It quite clearly shows that they are not thinking about the teaching process on a day-to-day basis. They don’t question the way a text has been structured, they don’t question the way notes are being delivered and they don’t entertain questions in their head about the efficacy of their own delivery in the classroom. Will it break the bubble? I’m sure. But, will the prick be sustainable? Can they survive in this “informationally” flat world? What do you think?

Delighting your customer

I’ve to acknowledge that in this world of “heavy” sales pitch and large budget marketing, we fail to notice people who provide us service quietly, efficiently and go out of their way to do a good job, yet don’t make a big fuss about it. We give these people repeat business because they are good at their work, but they don’t get written about or awarded or given accolades for helping make people like do better. I want to talk about a printer guy that I’ve been working, who has done an excellent job of delighting us. (I’ve to mention he is tardy and never keeps time, but this post is not about that!)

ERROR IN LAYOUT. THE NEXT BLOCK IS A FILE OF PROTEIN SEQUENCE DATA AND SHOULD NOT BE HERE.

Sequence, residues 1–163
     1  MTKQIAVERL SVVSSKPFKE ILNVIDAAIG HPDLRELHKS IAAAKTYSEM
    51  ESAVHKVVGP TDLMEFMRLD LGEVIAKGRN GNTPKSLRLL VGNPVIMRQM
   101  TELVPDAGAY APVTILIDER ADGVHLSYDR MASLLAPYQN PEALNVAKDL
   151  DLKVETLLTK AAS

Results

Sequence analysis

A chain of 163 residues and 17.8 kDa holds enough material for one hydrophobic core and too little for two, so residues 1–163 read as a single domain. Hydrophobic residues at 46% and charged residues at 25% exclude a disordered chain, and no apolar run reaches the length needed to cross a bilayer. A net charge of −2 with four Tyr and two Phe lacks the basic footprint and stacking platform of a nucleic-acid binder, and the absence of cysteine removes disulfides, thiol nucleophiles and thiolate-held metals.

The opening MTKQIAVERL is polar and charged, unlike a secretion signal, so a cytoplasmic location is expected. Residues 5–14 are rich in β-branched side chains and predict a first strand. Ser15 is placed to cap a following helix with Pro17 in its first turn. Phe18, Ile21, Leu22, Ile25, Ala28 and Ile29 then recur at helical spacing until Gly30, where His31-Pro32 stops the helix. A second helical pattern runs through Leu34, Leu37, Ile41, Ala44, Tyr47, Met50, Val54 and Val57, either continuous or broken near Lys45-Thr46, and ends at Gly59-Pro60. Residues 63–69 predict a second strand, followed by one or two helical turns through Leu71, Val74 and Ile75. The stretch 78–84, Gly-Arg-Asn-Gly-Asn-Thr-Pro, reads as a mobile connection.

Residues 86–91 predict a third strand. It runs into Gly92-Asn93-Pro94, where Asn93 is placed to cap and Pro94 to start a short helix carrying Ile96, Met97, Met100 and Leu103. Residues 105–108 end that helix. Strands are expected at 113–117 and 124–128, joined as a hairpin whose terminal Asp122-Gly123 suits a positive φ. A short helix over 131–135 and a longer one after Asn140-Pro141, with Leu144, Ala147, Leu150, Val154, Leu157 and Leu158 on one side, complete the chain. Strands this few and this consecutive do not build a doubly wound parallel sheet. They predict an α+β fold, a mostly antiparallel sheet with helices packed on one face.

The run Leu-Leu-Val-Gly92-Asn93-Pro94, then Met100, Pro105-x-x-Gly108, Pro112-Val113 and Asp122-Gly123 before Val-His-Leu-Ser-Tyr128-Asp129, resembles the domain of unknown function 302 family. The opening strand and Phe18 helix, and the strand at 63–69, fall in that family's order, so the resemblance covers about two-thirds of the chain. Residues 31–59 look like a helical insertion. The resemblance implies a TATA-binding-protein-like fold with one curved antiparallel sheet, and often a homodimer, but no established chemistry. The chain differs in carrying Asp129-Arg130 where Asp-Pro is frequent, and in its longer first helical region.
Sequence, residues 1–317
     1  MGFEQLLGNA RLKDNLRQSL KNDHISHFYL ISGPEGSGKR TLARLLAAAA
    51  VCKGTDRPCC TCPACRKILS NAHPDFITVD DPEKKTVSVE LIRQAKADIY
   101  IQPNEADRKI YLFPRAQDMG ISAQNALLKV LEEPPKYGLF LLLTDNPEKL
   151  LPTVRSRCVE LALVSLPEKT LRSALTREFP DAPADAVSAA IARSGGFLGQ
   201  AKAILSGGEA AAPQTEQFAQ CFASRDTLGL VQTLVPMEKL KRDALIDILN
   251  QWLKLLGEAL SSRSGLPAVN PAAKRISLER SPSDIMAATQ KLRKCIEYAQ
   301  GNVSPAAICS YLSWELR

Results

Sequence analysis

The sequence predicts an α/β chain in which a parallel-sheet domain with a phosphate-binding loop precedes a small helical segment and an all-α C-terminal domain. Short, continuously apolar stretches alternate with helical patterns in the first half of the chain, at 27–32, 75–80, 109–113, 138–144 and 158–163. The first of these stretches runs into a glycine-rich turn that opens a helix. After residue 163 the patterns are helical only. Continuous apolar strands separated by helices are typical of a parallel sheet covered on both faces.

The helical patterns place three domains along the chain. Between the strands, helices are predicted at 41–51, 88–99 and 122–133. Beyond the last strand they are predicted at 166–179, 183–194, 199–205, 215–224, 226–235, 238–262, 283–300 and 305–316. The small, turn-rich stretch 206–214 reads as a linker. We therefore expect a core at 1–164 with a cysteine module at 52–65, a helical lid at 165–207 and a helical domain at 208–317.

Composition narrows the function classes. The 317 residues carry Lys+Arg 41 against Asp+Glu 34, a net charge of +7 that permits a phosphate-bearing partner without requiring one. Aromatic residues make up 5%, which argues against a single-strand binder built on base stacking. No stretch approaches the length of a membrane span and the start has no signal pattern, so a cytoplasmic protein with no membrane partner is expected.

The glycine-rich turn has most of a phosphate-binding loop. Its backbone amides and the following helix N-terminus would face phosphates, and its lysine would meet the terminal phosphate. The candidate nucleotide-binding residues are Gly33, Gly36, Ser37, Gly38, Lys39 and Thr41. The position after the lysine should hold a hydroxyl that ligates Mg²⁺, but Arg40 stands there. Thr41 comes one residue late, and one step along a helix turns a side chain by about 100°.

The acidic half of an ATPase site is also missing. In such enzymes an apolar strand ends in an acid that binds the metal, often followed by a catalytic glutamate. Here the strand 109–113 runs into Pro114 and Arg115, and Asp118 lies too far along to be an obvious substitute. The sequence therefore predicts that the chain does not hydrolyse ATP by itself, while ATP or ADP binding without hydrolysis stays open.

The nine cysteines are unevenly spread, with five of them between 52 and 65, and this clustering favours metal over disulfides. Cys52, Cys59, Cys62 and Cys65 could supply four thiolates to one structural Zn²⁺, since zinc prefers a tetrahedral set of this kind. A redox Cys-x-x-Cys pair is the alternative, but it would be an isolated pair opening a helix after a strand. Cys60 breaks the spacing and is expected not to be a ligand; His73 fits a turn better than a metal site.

We are a startup and I don’t end up giving him large quantity orders. Orders range from 500-1500 pieces for print and at these quantities most (offset) printers refused to give me good rates. He on the other hand, the first time I worked with him, took up the job gladly, did it in reasonably good time and offered me a very good price for the order. The second time I worked with him, he gave me a substantial discount on a price that we had agreed upon (which was already a good price as per the market) and he did it again the third time round! I was surprised when I saw the bill.